“This tart is a nice alternative to apple pie, and it makes a great dessert for a dinner party, especially if served with vanilla ice cream and perhaps some caramel sauce.”
Excerpt From: Jennifer Appel. “The Complete Magnolia Bakery Cookbook.” iBooks. https://itun.es/us/idq2G.l
I am feeling homesick – for France. As I look at the photo above, I am thinking of all the apple trees at Chezbonneau that need pruning and the chestnut tree not far away from the kitchen window.
Wanna see a picture of our apple orchard? Sure you do.
Back to business. What about that tart?
LEARNING: Crust – filling – topping. I knew the crust would be the hardest part for me. Making great pie crusts represents an area in need of much learning and practice. I am still afraid and hesitant every time it comes time to making a pie for this reason. And, as it turns out, I hit a bump — getting the dough off of the table and into the pan without breaking it.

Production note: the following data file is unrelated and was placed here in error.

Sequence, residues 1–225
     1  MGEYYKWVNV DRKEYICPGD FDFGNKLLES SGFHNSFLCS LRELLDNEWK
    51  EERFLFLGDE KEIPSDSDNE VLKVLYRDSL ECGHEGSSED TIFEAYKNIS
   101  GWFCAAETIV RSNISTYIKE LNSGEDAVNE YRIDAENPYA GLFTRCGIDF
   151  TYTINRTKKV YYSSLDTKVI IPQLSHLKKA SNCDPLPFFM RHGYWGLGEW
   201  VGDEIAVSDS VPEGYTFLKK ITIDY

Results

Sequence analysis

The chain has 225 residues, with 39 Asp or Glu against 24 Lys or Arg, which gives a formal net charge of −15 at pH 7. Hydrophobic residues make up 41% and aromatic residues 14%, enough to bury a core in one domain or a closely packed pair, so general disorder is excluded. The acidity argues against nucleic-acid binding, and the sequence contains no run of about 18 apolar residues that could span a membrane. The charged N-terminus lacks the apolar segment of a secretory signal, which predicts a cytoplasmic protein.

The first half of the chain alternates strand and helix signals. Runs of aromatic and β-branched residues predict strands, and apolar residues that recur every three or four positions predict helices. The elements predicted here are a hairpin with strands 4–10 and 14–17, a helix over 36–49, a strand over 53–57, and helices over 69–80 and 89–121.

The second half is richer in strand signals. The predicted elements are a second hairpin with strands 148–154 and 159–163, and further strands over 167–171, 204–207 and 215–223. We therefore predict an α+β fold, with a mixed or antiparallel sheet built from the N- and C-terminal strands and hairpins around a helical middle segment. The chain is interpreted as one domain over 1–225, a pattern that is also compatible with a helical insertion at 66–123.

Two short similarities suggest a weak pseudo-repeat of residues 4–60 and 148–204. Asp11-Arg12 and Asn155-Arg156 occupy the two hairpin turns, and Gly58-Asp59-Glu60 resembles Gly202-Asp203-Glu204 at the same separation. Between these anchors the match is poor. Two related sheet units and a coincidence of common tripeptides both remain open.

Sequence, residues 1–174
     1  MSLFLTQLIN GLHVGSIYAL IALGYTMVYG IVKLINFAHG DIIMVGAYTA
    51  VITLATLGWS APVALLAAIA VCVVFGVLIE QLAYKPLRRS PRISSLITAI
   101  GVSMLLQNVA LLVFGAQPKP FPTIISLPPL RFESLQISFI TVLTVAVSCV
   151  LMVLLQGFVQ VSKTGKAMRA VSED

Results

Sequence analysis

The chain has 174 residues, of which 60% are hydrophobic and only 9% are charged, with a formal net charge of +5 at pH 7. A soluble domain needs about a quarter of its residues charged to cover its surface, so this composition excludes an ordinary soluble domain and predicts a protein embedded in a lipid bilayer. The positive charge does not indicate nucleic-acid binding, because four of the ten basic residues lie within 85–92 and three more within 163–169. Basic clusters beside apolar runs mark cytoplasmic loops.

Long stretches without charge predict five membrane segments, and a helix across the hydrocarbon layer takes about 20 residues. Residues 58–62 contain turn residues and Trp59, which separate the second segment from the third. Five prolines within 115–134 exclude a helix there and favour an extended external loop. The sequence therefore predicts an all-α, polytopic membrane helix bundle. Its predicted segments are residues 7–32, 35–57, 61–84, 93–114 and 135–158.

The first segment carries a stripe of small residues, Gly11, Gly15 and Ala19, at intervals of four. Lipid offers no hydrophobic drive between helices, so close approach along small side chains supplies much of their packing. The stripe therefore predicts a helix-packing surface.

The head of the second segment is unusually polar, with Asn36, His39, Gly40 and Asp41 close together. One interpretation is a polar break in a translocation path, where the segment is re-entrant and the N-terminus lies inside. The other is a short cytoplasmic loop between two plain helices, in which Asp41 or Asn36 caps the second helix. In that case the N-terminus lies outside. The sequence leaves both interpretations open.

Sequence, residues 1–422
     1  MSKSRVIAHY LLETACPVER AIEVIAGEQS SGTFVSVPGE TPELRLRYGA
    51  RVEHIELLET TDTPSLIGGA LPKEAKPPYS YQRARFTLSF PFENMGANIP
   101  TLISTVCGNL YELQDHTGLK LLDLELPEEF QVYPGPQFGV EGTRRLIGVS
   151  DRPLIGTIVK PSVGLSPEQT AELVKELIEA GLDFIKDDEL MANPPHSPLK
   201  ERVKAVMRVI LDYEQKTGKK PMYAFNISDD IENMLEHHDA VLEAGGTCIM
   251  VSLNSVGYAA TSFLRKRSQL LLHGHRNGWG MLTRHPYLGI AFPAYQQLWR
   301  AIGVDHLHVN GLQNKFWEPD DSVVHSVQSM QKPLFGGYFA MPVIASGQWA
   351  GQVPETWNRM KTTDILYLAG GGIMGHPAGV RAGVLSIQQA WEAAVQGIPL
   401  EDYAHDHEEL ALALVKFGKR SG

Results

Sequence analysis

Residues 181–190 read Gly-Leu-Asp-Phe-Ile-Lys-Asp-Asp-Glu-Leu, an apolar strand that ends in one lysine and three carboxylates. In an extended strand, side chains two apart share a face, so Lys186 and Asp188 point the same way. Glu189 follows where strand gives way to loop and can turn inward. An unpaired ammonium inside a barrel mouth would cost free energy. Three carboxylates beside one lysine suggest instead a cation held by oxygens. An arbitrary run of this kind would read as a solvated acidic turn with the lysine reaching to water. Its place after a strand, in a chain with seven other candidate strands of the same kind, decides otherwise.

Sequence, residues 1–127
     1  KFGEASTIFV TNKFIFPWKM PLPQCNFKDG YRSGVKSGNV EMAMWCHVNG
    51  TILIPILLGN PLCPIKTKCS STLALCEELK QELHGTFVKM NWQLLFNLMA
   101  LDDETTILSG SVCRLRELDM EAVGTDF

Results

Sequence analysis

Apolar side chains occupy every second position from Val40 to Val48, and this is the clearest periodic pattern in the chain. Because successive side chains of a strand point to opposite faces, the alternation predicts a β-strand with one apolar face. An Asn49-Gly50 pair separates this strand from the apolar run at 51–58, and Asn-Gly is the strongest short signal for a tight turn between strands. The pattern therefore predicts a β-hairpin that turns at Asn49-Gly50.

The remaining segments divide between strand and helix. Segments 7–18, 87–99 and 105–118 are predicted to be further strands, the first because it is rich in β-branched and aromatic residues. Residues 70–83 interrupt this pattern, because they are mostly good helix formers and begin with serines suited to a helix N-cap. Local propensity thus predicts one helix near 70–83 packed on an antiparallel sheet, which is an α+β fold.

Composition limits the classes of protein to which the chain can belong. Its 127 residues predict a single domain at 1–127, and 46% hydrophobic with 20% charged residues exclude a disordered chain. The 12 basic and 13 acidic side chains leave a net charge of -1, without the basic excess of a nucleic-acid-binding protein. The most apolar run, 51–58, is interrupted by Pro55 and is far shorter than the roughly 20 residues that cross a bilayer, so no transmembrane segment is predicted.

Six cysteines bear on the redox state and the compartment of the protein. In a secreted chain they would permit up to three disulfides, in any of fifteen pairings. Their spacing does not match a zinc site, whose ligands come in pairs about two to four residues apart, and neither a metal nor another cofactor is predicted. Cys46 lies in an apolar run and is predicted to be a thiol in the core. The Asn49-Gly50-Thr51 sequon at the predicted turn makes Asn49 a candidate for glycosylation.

In the end, I managed, but not without tearing the freshly rolled out dough. Luckily, this recipe is very, very, pliable and forgiving.
Time to stop complaining and worrying. It DID turn our great and I’m happy about this tart for a couple of reasons.
REASON #1: See that beautiful crust? You wouldn’t know that it was a very patched-up pie. I am considering making this my GO-TO-RECIPE for pie crusts. Could you use this crust for other things like a quiche? Yep. Just leave out the two table spoons of sugar (which I wasn’t supposed to put in anyway — but it was an accident).
REASON #2: This recipe is headed in the direction of my original inspiration for baking – somewhere between French and American pastry making. This is not a typical French or American apple tart. Actually, I would probably get a “you’re a foreigner” look for saying “tart”instead of “pie”. But I am sure that both French and American folk would reach for a second piece of this. Everyone in our family did.